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Scaffolding

From December 2016, people in Tallinn have been able to climb up a 10-metre wooden installation to get to go face to face with apostles Saint Peter and Saint Paul, The Four Evangelists and Jesus Christ figure above all and other baroque sculptures adorning the 17th century altar of the medieval Tallinn St Mary’s Cathedral. The students of the Estonian Academy of Arts built a gigantic black staircase-scaffolding-installation around the altar of the church to help conservation experts access the nine metre high wooden baroque altar carved by the talented and scandalous Tallinn-based baroque master Christian Ackermann in the Cathedral. For Christmas, the huge installation is being turned into an advent calendar of sort, with the rows of pathways slowly filling with christmas trees. The wooden scaffolding will be open for viewing and even climbing for an unfixed period – but you need to book a tour to climb all the way to the top.

The project has received praise from conservators and the church congregation alike. The head of the conservation project, Estonian Academy of Arts Conservation Department Associate Professor Hilkka Hiiop explains that the idea to develop scaffolding into a installation project was inspired by the feeling that regular scaffolding becomes often a too-dominant element inside a church or any other heritage building, offering no dialogue with the history and the context. The conservators and the church also thought that building a different, more substantial installation would allow also visitors to climb up to get a different point of view of the church as well as see the sculptures of the altar from closer than ever. The scaffolding installation was designed by Estonian Academy of Arts interior architecture students after a week-long workshop focussing on the history and context of the location.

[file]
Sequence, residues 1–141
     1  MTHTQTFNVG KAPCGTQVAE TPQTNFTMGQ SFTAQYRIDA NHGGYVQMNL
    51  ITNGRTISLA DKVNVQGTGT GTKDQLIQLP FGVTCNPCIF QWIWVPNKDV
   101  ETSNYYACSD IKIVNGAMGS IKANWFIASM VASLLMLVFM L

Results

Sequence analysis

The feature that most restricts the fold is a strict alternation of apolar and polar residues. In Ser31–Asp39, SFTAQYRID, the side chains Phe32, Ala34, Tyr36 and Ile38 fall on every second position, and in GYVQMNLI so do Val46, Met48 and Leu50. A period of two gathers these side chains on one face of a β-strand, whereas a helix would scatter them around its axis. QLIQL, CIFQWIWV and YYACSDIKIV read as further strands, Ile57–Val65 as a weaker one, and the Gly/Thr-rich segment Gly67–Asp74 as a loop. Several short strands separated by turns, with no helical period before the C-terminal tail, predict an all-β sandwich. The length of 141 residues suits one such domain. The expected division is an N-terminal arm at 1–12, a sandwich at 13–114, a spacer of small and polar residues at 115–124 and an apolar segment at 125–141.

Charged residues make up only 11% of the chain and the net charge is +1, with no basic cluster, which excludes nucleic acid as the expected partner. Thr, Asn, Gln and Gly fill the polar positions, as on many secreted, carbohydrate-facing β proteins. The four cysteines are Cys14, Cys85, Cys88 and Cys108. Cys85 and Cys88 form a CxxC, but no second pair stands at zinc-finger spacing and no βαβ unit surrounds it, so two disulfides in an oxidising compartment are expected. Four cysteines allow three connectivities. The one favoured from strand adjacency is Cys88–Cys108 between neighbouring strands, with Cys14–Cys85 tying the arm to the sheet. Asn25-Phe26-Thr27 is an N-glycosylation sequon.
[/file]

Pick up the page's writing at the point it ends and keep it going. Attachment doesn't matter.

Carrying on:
Commenting on the project, the head of the interior architecture department of the academy, professor Hannes Praks said that the department loves choosing co-operation projects that push students to dive into new context: be it historical, cultural or spatial. The workshop at Tallinn Dome that resulted in the dramatic black installation began with a thorough look into the rich history of the church, especially the 1684 big fire that destroyed most of the church interior (and in fact much of the rest of Old Tallinn Toompea area), thus allowing sculptor Christian Ackermann to secure the large scale new altar commission, launching his career. The Great Fire is also to some extent the inspiration behind painting the whole installation black – the black beams providing a visual reference to charred wood.

The conservation research project looking into the altar itself is led by historian and Ackermann expert Tiina-Mall Kreem from the Estonian Art Museum and conservators Isabel Aaso-Zahradnikova and Hilkka Hiiop. Estonian Academy of Arts conservation students are also involved in the project.